As a mother of three, with a set of twins, Gina Lincicum likes to joke that she took buy one, get one so seriously, she did it with her children. But as the founder of Moneywise Moms, she's serious about finding families the best possible deals on everything they buy. She spoke with us about balancing the family budget.
Why do families have such a hard time balancing their budgets?
Most families are busy, so it's just easier to not deal with a budget. Or they think living on a budget is restrictive, when it turns out that what's restrictive is paying out monthly payments to all your creditors. At the beginning of our marriage, we'd add up our expenses and see if we had enough money to pay them. Now we do the opposite. We look at our income and prioritize our expenses, putting a firm limit on many of the categories. This major shift of thought is what kick-started our debt payoff and eventually allowed us to pay off $87,000 in less than three years. We also realized that those big "unexpected" expenses really are expected: house repairs, car repairs and occasional medical procedures. That's just life, and not being financially prepared for them was foolish. Now we have a "Murphy" fund, and I'm pleasantly surprised when we go a year without a major appliance breaking (knock on wood).
When looking at a coupon or deal, what will make you opt to take it, or not bother with it?
I probably don't bother with most! We've lived on a strict budget for so long that there's no longer an impulse to just shop because of a coupon or deal. It's too easy to impulse buy and go over budget, for example, when you're receiving store emails that say "hurry!" I think it's important to seek out your own deals with mindful spending that follows your priorities and budget. We take time to research prices on purchases, and I know what things cost (and what my limits are) for monthly expenses like groceries, clothing and family entertainment.
What are some ways families don't realize they could save money?
A lot of families (including mine) have expenses on auto-pilot, such as a gym membership not being used, car insurance on auto-renewal and others. It's worth taking the time once a year to call your insurance company, satellite company, etc., and ask if there are any discounts to be applied. You can also see if you can get a better rate elsewhere, then ask for it to be matched (if you'd prefer not to make the switch). Monthly memberships and programs are usually paid automatically on a credit card; are you really getting value for it? It may be time to cancel.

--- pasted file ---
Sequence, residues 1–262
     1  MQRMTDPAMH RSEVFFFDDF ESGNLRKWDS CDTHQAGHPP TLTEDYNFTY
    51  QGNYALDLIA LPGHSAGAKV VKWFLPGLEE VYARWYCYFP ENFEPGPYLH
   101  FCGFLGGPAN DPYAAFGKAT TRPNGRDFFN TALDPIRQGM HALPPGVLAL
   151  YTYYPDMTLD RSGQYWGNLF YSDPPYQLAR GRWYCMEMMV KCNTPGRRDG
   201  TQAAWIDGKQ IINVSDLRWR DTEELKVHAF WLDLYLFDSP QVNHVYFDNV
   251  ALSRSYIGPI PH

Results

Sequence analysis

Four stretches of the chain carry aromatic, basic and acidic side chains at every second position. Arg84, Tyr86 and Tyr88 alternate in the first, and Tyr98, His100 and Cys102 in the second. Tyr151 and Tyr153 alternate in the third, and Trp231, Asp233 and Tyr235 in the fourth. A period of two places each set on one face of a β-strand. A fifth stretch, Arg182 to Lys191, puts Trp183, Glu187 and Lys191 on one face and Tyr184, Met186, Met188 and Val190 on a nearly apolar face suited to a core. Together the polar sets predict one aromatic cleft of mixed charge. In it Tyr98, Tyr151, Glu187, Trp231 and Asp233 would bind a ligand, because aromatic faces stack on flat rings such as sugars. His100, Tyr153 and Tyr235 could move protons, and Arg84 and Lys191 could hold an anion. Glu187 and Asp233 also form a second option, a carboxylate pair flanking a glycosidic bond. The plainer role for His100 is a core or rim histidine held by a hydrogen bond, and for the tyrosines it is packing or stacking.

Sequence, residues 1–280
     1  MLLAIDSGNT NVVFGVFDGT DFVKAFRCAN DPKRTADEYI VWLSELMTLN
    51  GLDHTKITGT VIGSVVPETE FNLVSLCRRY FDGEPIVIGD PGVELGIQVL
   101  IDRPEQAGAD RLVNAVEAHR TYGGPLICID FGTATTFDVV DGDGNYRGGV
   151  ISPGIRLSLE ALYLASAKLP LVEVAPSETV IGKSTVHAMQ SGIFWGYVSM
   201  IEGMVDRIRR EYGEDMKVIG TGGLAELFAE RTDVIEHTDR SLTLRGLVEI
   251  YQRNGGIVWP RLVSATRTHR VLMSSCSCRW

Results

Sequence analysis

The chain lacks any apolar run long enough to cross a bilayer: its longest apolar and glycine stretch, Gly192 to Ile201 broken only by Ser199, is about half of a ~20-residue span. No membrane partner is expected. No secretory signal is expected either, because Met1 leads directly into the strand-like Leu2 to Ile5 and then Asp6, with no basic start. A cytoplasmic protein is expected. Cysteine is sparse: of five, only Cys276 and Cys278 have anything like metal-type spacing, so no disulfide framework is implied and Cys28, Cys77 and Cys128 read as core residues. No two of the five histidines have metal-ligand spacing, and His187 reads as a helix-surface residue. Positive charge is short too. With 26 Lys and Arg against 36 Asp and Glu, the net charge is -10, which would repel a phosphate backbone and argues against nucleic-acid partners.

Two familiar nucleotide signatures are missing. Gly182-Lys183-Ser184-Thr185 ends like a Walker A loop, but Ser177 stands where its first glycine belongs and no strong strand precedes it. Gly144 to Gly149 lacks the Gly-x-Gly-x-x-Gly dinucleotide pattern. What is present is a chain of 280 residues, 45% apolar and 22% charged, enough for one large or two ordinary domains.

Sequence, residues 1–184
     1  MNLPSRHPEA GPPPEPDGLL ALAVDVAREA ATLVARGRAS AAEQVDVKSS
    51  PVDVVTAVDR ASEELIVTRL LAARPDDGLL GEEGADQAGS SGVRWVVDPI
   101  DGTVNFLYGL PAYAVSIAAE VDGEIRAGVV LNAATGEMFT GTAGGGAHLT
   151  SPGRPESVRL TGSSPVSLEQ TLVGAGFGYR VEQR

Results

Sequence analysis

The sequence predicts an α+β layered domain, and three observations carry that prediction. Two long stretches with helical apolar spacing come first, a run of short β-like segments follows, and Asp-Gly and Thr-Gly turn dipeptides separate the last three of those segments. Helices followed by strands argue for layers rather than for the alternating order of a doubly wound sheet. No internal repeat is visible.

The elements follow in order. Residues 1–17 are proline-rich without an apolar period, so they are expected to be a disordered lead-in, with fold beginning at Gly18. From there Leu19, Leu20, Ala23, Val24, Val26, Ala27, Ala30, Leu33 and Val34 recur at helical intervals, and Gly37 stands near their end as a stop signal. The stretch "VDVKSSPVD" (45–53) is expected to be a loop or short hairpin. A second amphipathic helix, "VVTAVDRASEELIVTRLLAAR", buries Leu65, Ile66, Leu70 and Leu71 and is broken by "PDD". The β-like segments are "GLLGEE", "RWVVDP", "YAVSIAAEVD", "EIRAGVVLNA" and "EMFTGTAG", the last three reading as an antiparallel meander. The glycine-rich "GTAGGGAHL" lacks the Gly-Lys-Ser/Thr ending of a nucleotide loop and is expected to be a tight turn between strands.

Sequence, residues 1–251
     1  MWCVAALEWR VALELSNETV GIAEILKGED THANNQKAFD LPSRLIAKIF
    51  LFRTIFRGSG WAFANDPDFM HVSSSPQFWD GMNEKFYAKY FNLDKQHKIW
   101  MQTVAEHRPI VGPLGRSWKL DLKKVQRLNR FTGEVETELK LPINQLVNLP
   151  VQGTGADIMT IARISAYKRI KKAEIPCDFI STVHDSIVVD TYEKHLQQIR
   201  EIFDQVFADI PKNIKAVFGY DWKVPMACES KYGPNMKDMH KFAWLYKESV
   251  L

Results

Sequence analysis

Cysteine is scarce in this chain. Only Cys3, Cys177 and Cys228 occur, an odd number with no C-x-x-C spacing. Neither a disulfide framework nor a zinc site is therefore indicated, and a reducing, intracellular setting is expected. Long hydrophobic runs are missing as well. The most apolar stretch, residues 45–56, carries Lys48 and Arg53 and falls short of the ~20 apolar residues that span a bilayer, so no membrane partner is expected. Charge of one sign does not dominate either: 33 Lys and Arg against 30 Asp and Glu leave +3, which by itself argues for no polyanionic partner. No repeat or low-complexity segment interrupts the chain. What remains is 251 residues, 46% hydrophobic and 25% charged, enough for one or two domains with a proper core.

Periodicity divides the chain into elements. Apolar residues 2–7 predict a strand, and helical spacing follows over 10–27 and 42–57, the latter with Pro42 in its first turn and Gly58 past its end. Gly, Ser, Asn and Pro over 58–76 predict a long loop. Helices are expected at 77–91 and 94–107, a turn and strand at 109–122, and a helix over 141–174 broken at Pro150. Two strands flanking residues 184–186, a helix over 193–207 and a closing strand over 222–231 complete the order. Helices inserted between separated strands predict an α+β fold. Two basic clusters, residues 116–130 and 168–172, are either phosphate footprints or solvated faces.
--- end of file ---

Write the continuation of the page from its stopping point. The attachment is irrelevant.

What advice do you have for couples that find it hard to talk about money?
Start with small and short discussions, since every little step forward is progress. It took us many years to finally start paying off our debt, after many of these small discussions to help us get on the same page and realize we had the same goals. Finding a neutral location can set the tone for working together. The first few years that we sat down to talk through our yearly financial goals, it was over milkshakes (that made it more palatable). Then make it a regular thing; we talk about "big stuff" once a quarter, but we check in on the daily/monthly budget at least once a week.
How do you explain finance to the kids, especially when it means cutting back?
We talk a lot about wants vs. needs, and we also talk out loud about our own finances so the kids are learning over the years. Each child is expected to divide their weekly allowance into saving both long- and short-term, giving, and spending. We discuss how this parallels our adult paychecks going towards retirement, giving and our expenses both big and small. In regards to cutting back, we had many "Family Meetings" during our debt-payoff years, and the kids knew that we weren't taking vacations, eating out or impulse spending because we had a larger goal in mind. Now that we have a little discretionary income, they are part of the discussion: Does it go towards a trip? Extra-curricular activities? Another goal?
How is personal finance going to change for our kids?
I think that my generation was raised to believe that one should go to college, get a good job and stay there. But with college grads not necessarily finding work, student loan debt at its height and job security questionable in these times, that may not be the path for our kids. I feel strongly that kids should be learning how to use their skills to create income on their own terms at an early age - in their teens - learning self-employment through babysitting, mowing lawns, shoveling snow and other neighborhood jobs. They can even learn basic marketing skills like advertising and competition. It's these "side hustle"-type jobs that adults are now using to pay off debt at a more rapid pace, bridge the gap between employments and even work from home for a more flexible family life. Parents can keep an open mind about non-traditional paths to jobs and wealth, and introduce their kids to adults who are successful.